Jesus loved to teach in parables, that is, wisdom stories designed to explain the Kingdom of God. But unlike most educational stories, they required reflection, and often they required further explanation by the Son of God, before His audience could grasp the point He was making.
For us today, the challenge can be even greater because we do not live in the Judean world of the First Century AD. However, when the point does become clear, the resulting “Aha!” moment is more than worth it.
The Parable of the Sower (farmer) scattering seed is a perfect example:
One day Jesus told a story in the form of a parable to a large crowd that had gathered from many towns to hear him: “A farmer went out to plant his seed. As he scattered it across his field, some seed fell on a footpath, where it was stepped on, and the birds ate it. Other seed fell among rocks. It began to grow, but the plant soon wilted and died for lack of moisture. Other seed fell among thorns that grew up with it and choked out the tender plants. Still other seed fell on fertile soil. This seed grew and produced a crop that was a hundred times as much as had been planted!” When he had said this, he called out, “Anyone with ears to hear should listen and understand.” (Luke 8:4-8, NLT)
The crowd thought they understood: look before you sow. In other words, choose wisely where you plan to grow your crops. Simple enough.
And they missed the point completely.
This is the meaning of the parable: The seed is God’s word. The seeds that fell on the footpath represent those who hear the message, only to have the devil come and take it away from their hearts and prevent them from believing and being saved. The seeds on the rocky soil represent those who hear the message and receive it with joy. But since they don’t have deep roots, they believe for a while, then they fall away when they face temptation. The seeds that fell among the thorns represent those who hear the message, but all too quickly the message is crowded out by the cares and riches and pleasures of this life. And so they never grow into maturity. And the seeds that fell on the good soil represent honest, good-hearted people who hear God’s word, cling to it, and patiently produce a huge harvest. (Luke 8:11-15, NLT)
As a boy, the first time I heard this parable, in fact the first many times I heard it and then read it, I thought Jesus was telling me there are four types of people inside or outside His Kingdom, and I had to discern the category into which I fit.
First, “those who hear the message [of God], only to have the devil come and take it away from their hearts and prevent them from believing and being saved.”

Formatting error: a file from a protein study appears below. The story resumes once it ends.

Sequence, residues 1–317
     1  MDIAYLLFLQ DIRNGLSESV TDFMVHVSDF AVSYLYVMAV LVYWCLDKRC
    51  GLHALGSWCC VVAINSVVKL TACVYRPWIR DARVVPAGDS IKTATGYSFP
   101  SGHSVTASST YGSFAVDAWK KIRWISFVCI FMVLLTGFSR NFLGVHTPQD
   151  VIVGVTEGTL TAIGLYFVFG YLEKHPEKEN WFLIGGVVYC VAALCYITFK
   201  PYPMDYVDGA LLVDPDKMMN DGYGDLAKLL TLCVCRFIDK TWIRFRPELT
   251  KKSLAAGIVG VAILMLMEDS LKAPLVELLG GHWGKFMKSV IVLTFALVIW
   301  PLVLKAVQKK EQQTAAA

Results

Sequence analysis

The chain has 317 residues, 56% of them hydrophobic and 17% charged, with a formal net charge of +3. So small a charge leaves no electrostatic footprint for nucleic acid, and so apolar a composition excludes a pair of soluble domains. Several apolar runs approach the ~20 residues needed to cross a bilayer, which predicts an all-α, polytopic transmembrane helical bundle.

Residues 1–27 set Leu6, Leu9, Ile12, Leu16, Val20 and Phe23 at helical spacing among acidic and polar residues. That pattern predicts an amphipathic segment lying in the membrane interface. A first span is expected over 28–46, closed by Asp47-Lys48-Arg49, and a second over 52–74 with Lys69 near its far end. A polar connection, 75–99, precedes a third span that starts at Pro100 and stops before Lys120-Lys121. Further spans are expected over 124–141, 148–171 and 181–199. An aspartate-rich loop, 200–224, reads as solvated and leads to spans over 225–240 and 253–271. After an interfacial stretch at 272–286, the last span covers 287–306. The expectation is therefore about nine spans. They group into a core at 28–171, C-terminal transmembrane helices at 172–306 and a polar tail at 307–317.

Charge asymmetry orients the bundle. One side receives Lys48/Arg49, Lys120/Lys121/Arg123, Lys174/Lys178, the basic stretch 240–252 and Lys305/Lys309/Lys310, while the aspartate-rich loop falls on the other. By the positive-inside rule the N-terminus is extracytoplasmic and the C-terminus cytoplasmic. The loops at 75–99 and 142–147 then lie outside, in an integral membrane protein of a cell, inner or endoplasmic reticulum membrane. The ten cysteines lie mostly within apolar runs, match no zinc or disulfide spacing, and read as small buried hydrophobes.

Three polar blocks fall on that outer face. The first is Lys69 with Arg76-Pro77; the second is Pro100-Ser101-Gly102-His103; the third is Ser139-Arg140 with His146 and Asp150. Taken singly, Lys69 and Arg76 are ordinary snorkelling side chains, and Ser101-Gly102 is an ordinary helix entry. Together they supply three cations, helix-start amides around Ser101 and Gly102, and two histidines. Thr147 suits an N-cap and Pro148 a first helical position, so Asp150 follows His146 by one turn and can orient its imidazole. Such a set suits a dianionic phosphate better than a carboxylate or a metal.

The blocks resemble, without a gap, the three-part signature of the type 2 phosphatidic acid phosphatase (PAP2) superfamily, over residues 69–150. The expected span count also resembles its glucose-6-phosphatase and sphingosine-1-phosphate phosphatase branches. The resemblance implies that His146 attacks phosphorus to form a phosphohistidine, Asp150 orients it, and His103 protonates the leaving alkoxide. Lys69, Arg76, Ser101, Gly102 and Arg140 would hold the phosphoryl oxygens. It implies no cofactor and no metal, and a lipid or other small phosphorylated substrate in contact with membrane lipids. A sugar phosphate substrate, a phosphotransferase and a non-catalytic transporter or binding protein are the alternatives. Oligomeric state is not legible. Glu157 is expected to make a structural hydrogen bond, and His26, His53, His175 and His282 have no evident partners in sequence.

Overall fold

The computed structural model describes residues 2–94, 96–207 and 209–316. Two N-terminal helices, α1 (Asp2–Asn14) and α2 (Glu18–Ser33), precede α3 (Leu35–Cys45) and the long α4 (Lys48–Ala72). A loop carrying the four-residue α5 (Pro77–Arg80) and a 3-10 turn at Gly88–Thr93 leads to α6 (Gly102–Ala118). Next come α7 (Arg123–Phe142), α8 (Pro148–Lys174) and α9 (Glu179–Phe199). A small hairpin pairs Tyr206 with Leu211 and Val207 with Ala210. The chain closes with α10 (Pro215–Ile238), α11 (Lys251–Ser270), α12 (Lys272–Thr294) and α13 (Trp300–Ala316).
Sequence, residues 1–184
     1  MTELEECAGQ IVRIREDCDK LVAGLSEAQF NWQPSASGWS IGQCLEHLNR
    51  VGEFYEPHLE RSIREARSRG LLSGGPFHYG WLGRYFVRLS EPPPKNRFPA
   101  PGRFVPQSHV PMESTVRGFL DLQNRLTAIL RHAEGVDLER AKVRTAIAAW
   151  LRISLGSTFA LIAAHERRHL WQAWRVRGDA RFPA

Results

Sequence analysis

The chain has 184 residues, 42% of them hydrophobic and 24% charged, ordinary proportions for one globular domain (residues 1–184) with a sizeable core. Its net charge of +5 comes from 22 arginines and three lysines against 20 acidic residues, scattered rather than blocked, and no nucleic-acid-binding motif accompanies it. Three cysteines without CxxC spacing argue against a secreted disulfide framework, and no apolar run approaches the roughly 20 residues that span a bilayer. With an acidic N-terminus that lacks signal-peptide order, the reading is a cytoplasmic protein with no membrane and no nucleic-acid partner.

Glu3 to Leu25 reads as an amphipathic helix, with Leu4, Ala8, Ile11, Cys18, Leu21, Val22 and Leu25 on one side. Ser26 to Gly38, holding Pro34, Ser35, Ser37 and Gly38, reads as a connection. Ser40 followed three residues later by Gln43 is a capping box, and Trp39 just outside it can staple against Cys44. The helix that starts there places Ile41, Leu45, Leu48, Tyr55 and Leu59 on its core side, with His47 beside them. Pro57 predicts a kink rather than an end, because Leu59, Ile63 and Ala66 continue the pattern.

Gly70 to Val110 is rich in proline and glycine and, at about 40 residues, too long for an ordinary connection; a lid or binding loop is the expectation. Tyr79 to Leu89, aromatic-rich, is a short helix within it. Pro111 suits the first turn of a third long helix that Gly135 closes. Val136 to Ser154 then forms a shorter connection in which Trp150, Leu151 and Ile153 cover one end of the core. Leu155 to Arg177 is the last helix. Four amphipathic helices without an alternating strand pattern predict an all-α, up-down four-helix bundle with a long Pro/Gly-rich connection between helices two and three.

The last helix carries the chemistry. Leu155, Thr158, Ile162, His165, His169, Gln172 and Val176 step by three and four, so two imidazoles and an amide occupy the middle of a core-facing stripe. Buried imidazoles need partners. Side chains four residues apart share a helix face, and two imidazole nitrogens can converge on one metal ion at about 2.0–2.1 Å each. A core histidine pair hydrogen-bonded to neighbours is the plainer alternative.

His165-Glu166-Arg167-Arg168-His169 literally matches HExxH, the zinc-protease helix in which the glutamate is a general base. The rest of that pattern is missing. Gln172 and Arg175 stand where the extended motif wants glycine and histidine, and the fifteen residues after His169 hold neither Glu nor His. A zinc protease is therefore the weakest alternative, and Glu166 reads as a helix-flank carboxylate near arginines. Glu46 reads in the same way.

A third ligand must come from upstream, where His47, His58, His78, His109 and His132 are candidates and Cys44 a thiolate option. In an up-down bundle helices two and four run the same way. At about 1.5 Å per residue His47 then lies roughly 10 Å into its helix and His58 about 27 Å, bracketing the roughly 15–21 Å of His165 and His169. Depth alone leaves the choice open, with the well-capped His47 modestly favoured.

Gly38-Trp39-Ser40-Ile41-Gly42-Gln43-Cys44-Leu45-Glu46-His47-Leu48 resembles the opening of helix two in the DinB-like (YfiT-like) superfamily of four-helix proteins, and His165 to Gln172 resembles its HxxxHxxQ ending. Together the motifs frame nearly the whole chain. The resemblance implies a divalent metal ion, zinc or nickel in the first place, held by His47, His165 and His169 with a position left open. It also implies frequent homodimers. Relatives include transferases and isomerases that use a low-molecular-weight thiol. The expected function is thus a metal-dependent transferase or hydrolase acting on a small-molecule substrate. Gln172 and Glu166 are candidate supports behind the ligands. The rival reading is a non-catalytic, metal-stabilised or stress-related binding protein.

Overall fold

I hoped this was not me. I loved Jesus, and I wanted to believe and be saved, but was I kidding myself? Had Satan somehow already won?
I was starting to get worried.
Second, “those who hear the message and receive it with joy. But since they don’t have deep roots, they believe for a while, then they fall away when they face temptation.”
I tried to avoid sin, but sometimes I gave in to temptation. I was just a kid, but a sin is a sin, right? Was it time to give up?
Heaven was looking a long way away.
Third, “those who hear the message, but all too quickly the message is crowded out by the cares and riches and pleasures of this life. And so they never grow into maturity.”
Again, I was just a boy, so riches and pleasures were not an issue, but what about the cares of this life? Yes, I admitted, I did worry a lot. I worried about my mom. I worried about death. And now I worried about not getting to Heaven.
I could feel Heaven slipping further away.
Fourth, those who are “honest, good-hearted people who hear God’s word, cling to it, and patiently produce a huge harvest.”
Could this be me? Let’s check the list. What about honest? Well, I did lie when I was afraid, and although I had never stolen anything, I was with a friend once when he shoplifted a candy bar – and I didn’t do anything about it. What about good-hearted? I knew I was trying, but there were times when anger and hate entered even my child-sized heart. And what about patiently producing a huge harvest? No, I was very impatient as a boy, and I certainly didn’t see any huge harvest coming by my hand.
My hopes of Heaven all but disappeared.
No matter how young or old you are, the Parable of the Sower should cause you to stop and ponder. Perhaps you will pat yourself on the back and know that everything is well with your soul. But perhaps like me so many years ago, it will trouble you and even bring you to the brink of despair.
In my next blog (on September 26), I will share with you the rest of my story and, more importantly, the rest of the story as intended for you by the Son of God.
Spoiler alert: Jesus saves – again.
-- Dr. John Morris